Understanding that meditation is a tool is imperative, because it is easy for some to mistake the tool for the goal, which can lead to a discontinuation of practice for sheer lack of interest or significance to the practitioner. It can also lead to a false sense of achievement and thus stagnation in others. Understanding that meditation is simply a tool to achieve varying levels of awareness helps the practitioner stay on track and open to each layer of Self as it unfolds. It also allows the practitioner to remain unattached to the tool, because Self-realization can and will occur outside of meditation as well. Attaching to the tool can prevent the practitioner from reaching deeper levels of awareness by holding onto the illusion that the tool is necessary. It isn’t. It’s just a tool.

Deep sleep meditation coursesThat tool is used ultimately to get you to different states of consciousness. Recall that mindlessness, our typical waking state, is the state of unconscious consciousness: minimally aware of moment-to-moment details. And mindfulness is conscious consciousness: intense awareness of moment-to-moment details. Samadhi, then, that state of oneness to which we aspire through meditation, is an entirely different state altogether: we can call it a state of conscious unconsciousness. This is a strange concept to anybody hearing it for the first time…conscious unconsciousness? Appreciating this term is best done by associating it with something we do every night: deep sleep. The sleep cycle is split into four stages: light sleep, moderate sleep, deep sleep, and REM sleep. Deep sleep is about twenty five percent of each sleep cycle and what we call restorative sleep. When a person is in deep sleep they are unaware of everything: their body, their mind, and their individuality. They are conscious in the general sense that they are not dead, but they are dead to the world for the period they are in that state. An even better example is the person who is put under anesthesia, like I was in 2006 to have my appendix removed. Just before the operation the anesthesiologist told me, “This is going to be your cocktail for the night, Mr. Campos.” And the next thing I knew it was, “…Mr. Campos, Mr. Campos, wake up, you’re done.” And that was that, time passed but to me it was instantaneous. I was in a state of unconsciousness, and I was unconscious to it.  We go there every night in deep sleep. Every person has had the experience of waking up and thinking, “Where am I, how did I get here?” That’s unconscious unconsciousness. Samadhi is being in a deep-sleep-like state, yet being aware and conscious throughout. Weird, huh? But that’s what it is, conscious unconsciousness: a truly experiential phenomenon. Words cannot describe.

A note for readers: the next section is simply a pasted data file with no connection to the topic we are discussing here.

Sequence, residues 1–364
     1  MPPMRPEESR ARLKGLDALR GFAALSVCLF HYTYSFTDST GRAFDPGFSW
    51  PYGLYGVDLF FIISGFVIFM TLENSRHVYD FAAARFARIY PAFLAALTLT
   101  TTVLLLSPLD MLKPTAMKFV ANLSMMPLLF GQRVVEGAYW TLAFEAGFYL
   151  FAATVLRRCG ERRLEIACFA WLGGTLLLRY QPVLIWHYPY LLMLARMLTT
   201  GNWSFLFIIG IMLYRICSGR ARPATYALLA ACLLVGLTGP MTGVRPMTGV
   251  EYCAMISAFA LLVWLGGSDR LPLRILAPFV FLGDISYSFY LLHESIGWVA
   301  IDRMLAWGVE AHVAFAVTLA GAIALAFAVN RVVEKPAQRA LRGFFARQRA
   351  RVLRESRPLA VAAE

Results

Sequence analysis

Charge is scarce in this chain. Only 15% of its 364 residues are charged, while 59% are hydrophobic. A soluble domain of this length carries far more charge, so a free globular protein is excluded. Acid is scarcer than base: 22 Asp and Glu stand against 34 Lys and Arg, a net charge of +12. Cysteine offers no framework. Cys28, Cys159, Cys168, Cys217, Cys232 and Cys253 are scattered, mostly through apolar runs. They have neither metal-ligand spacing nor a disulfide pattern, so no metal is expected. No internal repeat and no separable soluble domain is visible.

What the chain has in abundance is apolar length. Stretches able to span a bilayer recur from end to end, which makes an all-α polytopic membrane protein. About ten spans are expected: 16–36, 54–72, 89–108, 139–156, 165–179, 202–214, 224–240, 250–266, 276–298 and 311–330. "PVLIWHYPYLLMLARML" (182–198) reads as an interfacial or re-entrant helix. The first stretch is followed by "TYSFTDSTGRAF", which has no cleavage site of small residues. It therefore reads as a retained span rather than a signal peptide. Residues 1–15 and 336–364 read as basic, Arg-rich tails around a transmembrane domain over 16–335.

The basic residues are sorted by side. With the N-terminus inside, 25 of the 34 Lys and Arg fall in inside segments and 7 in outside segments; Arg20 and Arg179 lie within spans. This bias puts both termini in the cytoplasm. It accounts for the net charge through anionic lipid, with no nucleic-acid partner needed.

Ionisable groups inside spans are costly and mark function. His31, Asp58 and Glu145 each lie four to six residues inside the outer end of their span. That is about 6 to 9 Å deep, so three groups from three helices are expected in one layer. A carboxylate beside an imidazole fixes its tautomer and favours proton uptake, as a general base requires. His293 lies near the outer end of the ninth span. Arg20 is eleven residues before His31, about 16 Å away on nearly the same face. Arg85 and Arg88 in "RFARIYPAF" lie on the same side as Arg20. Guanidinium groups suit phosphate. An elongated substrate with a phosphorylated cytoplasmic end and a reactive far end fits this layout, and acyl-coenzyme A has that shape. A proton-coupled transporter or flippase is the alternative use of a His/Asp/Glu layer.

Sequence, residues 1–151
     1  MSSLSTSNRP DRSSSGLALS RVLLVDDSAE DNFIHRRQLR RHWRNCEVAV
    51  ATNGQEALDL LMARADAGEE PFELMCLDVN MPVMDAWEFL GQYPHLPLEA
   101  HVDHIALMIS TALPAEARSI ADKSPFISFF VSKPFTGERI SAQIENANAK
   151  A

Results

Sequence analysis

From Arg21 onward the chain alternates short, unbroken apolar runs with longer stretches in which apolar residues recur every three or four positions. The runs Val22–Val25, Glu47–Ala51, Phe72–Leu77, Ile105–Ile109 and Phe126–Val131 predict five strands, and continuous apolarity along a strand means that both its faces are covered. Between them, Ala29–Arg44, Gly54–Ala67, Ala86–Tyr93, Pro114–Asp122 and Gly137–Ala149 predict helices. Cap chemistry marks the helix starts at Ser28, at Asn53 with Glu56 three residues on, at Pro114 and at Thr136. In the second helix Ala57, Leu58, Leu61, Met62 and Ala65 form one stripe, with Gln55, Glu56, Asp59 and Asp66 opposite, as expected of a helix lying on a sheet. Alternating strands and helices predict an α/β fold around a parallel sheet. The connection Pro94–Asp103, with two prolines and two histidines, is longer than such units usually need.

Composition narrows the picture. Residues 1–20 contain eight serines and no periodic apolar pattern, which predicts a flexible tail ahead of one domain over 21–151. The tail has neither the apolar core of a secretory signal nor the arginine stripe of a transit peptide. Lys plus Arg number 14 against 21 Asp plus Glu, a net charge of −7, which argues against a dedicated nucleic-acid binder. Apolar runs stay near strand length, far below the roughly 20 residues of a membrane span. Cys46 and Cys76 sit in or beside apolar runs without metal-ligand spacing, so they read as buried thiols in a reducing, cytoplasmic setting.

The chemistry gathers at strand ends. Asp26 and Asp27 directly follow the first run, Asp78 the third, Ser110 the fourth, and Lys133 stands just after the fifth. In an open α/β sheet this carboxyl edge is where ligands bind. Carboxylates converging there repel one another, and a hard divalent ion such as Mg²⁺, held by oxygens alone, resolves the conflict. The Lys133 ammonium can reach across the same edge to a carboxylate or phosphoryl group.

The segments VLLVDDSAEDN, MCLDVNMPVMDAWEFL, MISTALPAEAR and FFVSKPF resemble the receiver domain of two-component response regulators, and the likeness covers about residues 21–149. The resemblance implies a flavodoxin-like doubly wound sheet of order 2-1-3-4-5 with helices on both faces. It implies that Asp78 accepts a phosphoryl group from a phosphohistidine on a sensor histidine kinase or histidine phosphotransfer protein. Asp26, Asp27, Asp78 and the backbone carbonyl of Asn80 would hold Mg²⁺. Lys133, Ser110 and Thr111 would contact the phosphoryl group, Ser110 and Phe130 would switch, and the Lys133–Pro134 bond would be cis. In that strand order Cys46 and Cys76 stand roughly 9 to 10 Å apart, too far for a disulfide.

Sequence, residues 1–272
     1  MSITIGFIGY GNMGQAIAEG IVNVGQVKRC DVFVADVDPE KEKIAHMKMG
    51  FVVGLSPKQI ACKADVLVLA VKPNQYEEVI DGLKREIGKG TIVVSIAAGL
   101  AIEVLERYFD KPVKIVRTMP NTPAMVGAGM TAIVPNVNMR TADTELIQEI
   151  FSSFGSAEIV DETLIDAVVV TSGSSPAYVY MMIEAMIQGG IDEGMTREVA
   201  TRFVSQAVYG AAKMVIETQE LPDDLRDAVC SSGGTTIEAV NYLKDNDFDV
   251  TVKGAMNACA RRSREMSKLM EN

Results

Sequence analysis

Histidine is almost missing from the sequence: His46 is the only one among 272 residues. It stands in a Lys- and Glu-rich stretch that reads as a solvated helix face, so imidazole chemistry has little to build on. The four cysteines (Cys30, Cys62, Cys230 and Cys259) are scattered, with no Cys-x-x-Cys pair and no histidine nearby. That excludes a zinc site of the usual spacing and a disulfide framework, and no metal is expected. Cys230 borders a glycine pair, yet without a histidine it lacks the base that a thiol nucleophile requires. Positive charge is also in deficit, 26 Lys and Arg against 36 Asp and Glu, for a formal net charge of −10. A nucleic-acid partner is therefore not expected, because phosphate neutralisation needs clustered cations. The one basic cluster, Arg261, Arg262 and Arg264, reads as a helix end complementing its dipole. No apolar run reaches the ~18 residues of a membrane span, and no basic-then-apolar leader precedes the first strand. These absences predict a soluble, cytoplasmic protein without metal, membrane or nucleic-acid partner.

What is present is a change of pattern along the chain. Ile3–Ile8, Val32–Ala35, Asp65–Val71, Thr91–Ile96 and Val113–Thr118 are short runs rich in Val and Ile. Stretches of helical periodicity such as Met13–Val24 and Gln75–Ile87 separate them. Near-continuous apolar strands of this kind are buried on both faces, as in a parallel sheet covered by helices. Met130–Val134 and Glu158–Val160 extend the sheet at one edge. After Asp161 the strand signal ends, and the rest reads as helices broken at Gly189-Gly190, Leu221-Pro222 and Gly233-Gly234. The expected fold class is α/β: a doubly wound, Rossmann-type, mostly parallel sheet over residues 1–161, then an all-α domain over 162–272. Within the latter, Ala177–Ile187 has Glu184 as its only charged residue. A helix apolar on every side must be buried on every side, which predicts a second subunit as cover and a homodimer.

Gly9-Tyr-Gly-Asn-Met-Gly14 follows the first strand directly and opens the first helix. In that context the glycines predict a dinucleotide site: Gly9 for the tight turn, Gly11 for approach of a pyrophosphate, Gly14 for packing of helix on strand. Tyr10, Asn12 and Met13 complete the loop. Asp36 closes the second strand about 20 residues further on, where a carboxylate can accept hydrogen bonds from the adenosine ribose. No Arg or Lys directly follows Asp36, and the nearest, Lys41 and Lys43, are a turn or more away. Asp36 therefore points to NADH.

The main point is that meditation is a tool to get you to a state – the state of conscious unconsciousness. Once you are there the goal changes, but I will leave that for another article. Most important for you, the practitioner, the aspirant, is the revelation along the way. This unfoldment of Self is what changes life for good.